Don’t think for a moment that as Solvent, Jason Amm hasn’t gotten his share of accolades. Well respected and regarded by many as one of the tenured electronic producers on the up and up, he’s also fought through a share of adversity in creating such hard to pinpoint music. But his music is both a pleasure and a superb blend of beats and melodies that come at you from every direction. It’s never something that might have you begging for more but in pushing forward an invitingly open mix of terrific sounds, it’s a major success.
Take something as darkly presented as “No One Should Be Living Here” and its diminished chords and bubbling basses. Forget that the title alone suggests a haunted home where all its dwellers are lead to unfortunate situations, the array of instruments that are dancing around is unheard of. And it’s an awesome sound for someone that is mostly known for his upbeat 80s pop style; there is nothing even remotely nice about this song. That even for a moment when he comes at you, heart on sleeve, on something like “Loss for Words,” it’s all brilliantly sequenced.
The brief introduction of “Elevator Up (Intro)” is almost what you wish the rest of Solvent’s Subject to Shift sounded like. Its bleepy sweep of precision-labeled synths, its retro-inverted melody that is sprinkled from the sides and on top and its wealthy bridge of synths that are all tightly layered within a thick nest of beeps make for an exceptional opening. But as you slowly come to understand his scope and what exactly he is going for, you understand that the music on this album is much more than just a building of sounds. “Formulate” is fittingly titled in that it’s formula is one of the easiest tricks in the business: dress it up with a manically repetitive beat that will have everyone dancing, decorate it with treatments and atmospherics for good measure and top it off with sing-along lyrics about how “I got you on my mind, make it stop” and you have a club hit. Wide and expansive, this is moving music.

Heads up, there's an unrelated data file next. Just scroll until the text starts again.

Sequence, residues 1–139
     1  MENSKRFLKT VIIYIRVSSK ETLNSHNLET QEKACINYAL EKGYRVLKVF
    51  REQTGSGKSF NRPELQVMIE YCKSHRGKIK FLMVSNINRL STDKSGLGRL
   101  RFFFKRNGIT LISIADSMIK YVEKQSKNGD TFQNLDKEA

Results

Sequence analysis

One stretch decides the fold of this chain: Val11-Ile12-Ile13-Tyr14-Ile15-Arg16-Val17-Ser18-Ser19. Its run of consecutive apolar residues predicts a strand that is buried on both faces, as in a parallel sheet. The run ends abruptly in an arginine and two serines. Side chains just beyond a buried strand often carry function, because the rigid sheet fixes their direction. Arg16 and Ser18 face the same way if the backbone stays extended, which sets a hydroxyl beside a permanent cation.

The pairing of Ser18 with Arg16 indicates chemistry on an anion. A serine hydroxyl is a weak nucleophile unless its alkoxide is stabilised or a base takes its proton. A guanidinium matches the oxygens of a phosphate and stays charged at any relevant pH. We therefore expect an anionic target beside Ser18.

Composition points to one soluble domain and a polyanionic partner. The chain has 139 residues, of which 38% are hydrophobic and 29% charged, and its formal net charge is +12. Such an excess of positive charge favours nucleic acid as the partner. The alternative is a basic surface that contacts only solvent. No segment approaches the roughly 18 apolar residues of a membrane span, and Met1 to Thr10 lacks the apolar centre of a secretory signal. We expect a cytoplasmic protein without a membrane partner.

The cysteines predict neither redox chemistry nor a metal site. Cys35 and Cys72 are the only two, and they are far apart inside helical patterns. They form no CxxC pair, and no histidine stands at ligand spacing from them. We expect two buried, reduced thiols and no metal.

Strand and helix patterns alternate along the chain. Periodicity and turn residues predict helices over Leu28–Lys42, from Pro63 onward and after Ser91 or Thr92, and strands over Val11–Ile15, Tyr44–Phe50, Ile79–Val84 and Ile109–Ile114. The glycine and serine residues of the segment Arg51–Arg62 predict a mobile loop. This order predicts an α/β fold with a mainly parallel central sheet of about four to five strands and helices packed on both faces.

For the longest time, the Zimbabwe-born producer has been both aided and hindered by being categorized as someone who’s too diverse for his own good. Whether it was the fact that his sounds are too deeply rooted in the 80s for the beat-makers to love it, or maybe that his music was just too intelligently melodic for techno fanatics or even just the fact that at times, it’s pop music in all its wonder. But what makes Amm’s music all that more purposeful is just how creatively basking it is: both in its sweep and grandeur. It’s still the kind of electronic music to either simply bop your head to, or just bliss out to, your pick.
And for what you take away from it, it’s simple: a solid collection of electronic sounds that are reliable and consistent. When everyone out there is trying to re-invent themselves and when snobby people (like yours truly) pushes an agenda to get many to change their sounds and grow, there are tried and true methods to many successful acts around. The music on Subject to Shift are positioned well and delivered with a re-assuring amount of premise; in the end, it’s still a varied, fluid, compatible fusion of tremendous sounds.